As soon as the plaintiff attorney accepts a case, injury causation research should be initiated with formal requests for all pertinent medical records, location of all vehicles, and all objective data such as photographs of the visible injuries and damage to the vehicles. This begins with getting the police report, getting photographs of the respective vehicles; photographing any bruises, lacerations, and physical evidence of trauma; obtaining witness statements early along with all medical records beginning with the fire department/EMS services.
If there are any previous medical issues relevant to the case, submit requests for copies. With current HIPAA laws, it is easier for the plaintiff to get copies of his/her records than for the attorney. Once the records have been received, it is important to review them to be certain they are complete.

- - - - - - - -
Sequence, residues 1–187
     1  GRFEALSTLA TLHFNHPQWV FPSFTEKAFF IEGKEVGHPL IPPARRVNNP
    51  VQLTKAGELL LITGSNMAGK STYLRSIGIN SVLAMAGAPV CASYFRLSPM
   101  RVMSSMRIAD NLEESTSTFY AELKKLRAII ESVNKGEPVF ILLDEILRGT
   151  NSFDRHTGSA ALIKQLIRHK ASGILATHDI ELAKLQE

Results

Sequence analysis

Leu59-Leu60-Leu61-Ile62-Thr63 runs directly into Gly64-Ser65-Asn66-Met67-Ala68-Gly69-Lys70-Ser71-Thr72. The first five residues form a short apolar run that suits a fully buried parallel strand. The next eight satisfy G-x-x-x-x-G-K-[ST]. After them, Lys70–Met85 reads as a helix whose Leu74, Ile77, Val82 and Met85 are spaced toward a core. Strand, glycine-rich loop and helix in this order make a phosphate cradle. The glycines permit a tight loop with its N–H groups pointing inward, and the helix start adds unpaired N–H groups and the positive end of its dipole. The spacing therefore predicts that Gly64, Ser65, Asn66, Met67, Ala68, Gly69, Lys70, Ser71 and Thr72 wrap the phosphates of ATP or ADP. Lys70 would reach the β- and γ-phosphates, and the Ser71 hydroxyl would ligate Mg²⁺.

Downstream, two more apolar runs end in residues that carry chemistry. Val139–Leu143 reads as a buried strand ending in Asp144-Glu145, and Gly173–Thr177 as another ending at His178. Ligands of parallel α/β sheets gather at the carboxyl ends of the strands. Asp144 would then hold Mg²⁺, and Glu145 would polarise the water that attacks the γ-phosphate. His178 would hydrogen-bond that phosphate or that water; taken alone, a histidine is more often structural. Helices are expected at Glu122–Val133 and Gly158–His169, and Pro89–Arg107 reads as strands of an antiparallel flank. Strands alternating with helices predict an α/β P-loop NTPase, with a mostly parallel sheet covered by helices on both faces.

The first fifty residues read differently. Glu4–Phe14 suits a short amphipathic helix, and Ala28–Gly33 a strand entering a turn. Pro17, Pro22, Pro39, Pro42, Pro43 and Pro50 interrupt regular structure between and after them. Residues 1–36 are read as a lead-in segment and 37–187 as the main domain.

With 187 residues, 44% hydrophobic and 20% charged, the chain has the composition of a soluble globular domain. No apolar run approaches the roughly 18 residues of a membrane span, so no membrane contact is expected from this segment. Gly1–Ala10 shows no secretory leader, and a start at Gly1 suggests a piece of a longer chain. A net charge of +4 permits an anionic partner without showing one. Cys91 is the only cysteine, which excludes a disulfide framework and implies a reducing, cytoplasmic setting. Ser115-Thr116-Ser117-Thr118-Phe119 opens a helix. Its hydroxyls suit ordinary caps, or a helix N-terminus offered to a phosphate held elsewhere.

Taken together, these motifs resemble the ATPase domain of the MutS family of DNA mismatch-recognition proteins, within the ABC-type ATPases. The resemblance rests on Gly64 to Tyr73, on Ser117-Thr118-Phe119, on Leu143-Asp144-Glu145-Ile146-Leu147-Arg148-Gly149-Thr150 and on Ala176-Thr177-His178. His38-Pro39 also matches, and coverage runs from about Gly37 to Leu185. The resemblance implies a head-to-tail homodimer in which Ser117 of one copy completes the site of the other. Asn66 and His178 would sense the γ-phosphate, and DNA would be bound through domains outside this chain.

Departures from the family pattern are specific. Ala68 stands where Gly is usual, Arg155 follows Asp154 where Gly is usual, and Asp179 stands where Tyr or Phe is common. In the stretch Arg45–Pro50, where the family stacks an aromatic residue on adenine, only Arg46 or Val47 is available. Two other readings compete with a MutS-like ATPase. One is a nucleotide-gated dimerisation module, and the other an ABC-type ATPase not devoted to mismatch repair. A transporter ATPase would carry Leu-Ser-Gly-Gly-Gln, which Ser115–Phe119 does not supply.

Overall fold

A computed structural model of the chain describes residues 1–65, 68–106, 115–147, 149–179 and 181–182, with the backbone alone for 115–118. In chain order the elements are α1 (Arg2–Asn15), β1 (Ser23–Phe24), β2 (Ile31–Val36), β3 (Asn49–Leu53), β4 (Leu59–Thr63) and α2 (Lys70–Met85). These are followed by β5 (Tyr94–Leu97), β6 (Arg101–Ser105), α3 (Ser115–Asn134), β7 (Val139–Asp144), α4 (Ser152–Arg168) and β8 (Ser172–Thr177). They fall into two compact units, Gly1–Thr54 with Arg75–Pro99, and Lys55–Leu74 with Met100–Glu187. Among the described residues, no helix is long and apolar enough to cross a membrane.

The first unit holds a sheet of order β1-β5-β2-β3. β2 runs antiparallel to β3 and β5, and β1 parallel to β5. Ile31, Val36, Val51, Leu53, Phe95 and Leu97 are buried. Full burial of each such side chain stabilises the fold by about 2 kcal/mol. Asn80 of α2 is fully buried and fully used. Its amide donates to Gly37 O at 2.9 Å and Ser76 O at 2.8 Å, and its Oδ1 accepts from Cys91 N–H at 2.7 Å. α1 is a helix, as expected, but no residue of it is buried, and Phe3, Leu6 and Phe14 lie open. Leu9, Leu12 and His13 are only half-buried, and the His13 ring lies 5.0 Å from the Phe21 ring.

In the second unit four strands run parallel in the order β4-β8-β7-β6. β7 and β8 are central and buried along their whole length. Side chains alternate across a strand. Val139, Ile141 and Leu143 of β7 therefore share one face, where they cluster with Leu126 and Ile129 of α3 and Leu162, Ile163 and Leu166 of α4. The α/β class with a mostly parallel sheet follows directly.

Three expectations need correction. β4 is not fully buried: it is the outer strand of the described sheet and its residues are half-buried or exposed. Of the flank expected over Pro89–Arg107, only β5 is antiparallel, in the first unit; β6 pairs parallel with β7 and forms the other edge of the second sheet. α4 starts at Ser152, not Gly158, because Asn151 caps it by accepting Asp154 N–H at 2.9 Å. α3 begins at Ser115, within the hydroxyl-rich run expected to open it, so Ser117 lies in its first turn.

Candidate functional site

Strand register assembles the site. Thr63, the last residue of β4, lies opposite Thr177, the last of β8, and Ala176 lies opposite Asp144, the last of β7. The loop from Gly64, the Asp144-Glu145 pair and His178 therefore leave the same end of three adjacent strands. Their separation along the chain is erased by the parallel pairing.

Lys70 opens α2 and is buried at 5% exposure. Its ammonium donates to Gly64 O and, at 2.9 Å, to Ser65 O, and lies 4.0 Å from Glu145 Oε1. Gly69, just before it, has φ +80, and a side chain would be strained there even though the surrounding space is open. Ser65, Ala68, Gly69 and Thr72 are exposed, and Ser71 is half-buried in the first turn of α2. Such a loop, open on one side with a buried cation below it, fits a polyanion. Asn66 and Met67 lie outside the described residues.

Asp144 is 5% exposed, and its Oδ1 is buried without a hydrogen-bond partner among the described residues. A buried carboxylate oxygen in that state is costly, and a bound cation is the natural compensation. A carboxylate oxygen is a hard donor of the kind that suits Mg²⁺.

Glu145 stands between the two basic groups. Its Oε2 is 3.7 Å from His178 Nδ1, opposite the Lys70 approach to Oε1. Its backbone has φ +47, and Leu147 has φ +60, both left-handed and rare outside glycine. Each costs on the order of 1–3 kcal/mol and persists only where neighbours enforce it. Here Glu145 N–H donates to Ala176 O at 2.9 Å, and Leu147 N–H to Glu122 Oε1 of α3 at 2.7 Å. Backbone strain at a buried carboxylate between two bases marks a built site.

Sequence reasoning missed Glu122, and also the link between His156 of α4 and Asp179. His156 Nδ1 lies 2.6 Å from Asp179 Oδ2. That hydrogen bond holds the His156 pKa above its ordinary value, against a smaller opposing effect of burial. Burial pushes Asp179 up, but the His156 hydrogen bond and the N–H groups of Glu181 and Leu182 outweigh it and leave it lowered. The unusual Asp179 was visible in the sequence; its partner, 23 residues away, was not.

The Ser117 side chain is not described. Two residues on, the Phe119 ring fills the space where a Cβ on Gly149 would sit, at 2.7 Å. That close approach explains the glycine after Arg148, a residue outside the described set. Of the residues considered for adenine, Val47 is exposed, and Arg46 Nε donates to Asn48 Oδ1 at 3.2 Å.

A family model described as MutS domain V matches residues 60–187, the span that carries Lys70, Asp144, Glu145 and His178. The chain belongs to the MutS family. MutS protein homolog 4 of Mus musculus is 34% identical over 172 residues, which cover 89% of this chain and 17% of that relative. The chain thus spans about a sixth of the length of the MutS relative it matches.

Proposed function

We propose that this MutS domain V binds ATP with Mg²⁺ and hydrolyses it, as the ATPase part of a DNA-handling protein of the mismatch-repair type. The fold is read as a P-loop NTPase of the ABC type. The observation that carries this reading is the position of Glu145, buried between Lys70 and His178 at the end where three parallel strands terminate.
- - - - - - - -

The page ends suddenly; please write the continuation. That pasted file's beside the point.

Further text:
If the vehicles have not been repaired, it is important to get photographs before any repair is initiated and during the repair process. Once the bumpers and outer parts of the vehicles have been removed, there may be additional evidence of crush or deformation. Second repair estimates are occasionally produced. If defendant/plaintiff vehicles have been totaled, the vehicles will disappear typically in one to two days, and many vehicles will not be photographed unless the attorney initiates it. If the plaintiff’s vehicle is available, have photos taken with the person seated within the vehicle, with instructions to assume the position in which he/she was seated just immediately prior to the impact. Placing a tape measure in front or side of the plaintiff’s head, shoulders, chest, knees, and any other injured areas will assist a biomechanist if the case goes into litigation.
Bio as of November 2007:
Lawrence Nordhoff is an injury biomechanist, traffic accident reconstructionist (ACTAR #1185), Doctor of Chiropractic, and a Qualified Medical Evaluator. He is the primary editor in a 2007 book, Human Subject Crash Testing: Innovations and Advances, PT-134, Society of Automotive Engineers. He authored a 2005 text, Motor Vehicle Collision Injuries: Biomechanics, Diagnosis, and Management, 2nd edition. He analyzes both plaintiff and defense cases. His office is located in Pleasanton, CA, and can be reached at DrNordhoff@comcast.net or www.DrNordhoff.com.
2016 by the author.